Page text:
We are subject to the risk of intellectual property rights claims against us, in relation to our products and services including TV service and other content related services, we purchase from third party content providers. These claims may require us to initiate or defend protracted and costly litigation, regardless of the merits of these claims. If any of these claims succeed, we may be forced to pay damages or may be required to obtain licenses for the infringing product or service, which, if in substantial sums, could harm our results of operations. If we cannot obtain all necessary licenses on commercially reasonable terms, we may be forced to stop using or selling the products and services.
 
Our operations are dependent on complex technology and information systems.
 
Our operations are dependent on a number of complex technological and information systems, including billing systems. The occurrence of malfunctions in such complex and ever changing and expanding systems is inevitable. In addition, we are in the process of developing and implementing a unified customer relation management, or CRM, system for both our cellular and fixed-line operations, which may result in larger expenditures than anticipated, require significant management attention that would otherwise be available for our ongoing business, or lead to unforeseen operating difficulties and malfunctions. A malfunction in any of our systems which severely impacts our ability to provide products and services to our customers or adequately bill them, may result in loss of revenues to us, may adversely impact our brand and service perception, and expose us to legal claims and regulatory sanctions, all of which may adversely affect our results of operations.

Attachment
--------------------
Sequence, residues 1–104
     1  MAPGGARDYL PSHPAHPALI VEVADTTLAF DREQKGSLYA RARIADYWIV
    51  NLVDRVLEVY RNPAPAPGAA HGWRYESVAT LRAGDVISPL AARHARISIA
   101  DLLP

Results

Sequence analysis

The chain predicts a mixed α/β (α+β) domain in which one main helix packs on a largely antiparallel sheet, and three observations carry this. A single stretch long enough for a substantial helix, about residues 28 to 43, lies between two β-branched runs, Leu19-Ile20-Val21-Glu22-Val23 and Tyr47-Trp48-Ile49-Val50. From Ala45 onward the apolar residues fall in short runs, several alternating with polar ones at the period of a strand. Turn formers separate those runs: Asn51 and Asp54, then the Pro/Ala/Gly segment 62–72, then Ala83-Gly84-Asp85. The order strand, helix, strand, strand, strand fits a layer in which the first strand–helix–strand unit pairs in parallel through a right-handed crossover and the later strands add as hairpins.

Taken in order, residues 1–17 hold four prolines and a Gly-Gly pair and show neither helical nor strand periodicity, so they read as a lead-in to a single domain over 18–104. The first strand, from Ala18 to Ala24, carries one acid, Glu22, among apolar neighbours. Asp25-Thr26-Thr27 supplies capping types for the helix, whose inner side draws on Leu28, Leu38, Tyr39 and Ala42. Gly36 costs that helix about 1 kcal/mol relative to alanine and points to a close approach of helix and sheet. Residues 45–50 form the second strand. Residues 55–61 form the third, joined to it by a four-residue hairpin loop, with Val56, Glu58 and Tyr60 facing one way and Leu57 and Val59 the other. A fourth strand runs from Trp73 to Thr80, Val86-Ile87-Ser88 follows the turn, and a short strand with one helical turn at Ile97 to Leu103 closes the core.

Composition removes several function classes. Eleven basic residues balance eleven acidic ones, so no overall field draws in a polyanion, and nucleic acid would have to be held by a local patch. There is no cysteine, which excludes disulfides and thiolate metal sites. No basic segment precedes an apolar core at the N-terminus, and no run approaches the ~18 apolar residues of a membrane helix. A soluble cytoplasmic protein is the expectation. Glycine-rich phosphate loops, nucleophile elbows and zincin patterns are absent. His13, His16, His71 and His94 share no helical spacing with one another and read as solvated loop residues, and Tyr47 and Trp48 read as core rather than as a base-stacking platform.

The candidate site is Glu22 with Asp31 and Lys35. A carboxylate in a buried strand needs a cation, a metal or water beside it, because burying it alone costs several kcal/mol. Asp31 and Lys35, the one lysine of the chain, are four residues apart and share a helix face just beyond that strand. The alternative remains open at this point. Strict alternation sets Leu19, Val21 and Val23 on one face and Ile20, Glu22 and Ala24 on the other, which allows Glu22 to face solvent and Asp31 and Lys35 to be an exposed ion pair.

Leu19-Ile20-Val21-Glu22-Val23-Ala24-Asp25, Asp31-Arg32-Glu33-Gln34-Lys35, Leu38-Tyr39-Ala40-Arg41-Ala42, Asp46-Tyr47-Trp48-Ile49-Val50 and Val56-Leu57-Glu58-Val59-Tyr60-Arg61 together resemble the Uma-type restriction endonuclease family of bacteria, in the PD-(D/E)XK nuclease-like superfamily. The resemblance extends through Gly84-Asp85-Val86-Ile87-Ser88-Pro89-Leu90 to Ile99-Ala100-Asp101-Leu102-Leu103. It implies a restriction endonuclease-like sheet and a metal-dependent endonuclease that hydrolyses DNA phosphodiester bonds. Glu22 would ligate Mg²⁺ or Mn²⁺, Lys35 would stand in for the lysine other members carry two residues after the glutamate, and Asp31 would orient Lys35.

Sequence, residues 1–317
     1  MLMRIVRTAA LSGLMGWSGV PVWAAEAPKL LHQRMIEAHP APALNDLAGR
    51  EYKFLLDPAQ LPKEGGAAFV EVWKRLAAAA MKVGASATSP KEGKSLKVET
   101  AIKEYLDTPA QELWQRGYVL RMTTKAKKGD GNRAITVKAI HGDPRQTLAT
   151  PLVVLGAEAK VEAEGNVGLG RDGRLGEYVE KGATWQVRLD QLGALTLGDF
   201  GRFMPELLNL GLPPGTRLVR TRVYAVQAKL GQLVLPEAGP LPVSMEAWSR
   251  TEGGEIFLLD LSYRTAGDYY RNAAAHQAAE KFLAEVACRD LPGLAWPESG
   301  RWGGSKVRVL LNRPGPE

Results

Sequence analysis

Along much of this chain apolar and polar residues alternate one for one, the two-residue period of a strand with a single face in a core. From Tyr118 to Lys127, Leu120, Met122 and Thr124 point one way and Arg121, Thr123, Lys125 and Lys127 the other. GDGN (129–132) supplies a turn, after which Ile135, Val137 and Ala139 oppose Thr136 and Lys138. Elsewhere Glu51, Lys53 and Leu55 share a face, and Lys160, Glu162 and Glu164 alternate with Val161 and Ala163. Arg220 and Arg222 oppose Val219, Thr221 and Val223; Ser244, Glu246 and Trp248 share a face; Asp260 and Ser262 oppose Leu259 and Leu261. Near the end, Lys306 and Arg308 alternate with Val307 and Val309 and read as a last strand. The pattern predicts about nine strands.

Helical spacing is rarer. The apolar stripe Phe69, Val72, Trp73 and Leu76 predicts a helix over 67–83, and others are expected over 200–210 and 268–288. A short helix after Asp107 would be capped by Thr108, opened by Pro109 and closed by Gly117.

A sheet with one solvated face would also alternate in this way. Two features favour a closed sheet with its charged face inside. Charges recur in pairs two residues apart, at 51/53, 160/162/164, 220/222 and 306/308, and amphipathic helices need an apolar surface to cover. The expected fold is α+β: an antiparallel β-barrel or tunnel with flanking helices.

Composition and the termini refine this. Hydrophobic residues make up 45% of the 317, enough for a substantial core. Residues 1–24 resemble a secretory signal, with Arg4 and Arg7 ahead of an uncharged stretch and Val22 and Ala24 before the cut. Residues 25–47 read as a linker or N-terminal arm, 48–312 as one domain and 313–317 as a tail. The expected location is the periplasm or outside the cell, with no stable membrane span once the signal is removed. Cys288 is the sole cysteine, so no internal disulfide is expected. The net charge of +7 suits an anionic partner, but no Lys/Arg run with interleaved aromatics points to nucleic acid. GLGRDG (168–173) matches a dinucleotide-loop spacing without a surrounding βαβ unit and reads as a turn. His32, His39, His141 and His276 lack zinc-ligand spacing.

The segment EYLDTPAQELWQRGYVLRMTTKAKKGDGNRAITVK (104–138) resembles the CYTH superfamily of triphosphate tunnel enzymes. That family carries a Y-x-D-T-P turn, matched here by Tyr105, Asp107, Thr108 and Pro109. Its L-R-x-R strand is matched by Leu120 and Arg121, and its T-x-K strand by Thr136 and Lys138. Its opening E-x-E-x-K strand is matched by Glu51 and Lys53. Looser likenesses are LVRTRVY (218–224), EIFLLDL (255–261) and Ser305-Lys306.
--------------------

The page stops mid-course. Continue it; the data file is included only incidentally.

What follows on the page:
Cyber attacks impacting our networks or systems could have an adverse effect on our business.
 
Cyber attacks, including through the use of malware or ransomware, computer viruses, dedicated denial of services attacks, credential harvesting and other means for obtaining unauthorized access to or disrupting the operation of our networks and systems and those of our suppliers, vendors and other service providers, could have an adverse effect on our business. Cyber attacks against companies, including Cellcom Israel, have increased in frequency, scope and potential harm in recent years. Cyber attacks may cause equipment failures, loss, disclosure, access, usage, corruption, destruction or the appropriation of information, including sensitive personal information of customers or employees, or valuable content and technical and marketing information, as well as disruptions to our or our customers’ operations. Further, the perpetrators of cyber attacks are not restricted to particular groups or persons. These attacks may be committed by company employees and agents, advertently or inadvertently, or by external actors operating in any geography, including jurisdictions where law enforcement measures to address such attacks are unavailable or ineffective, and may even be launched by or at the behest of nation states. The preventive actions we take to reduce the risks associated with cyber attacks, including protection of our systems and networks, may be insufficient to repel or mitigate the effects of a major cyber attack in the future, as they become more sophisticated and harder to repel.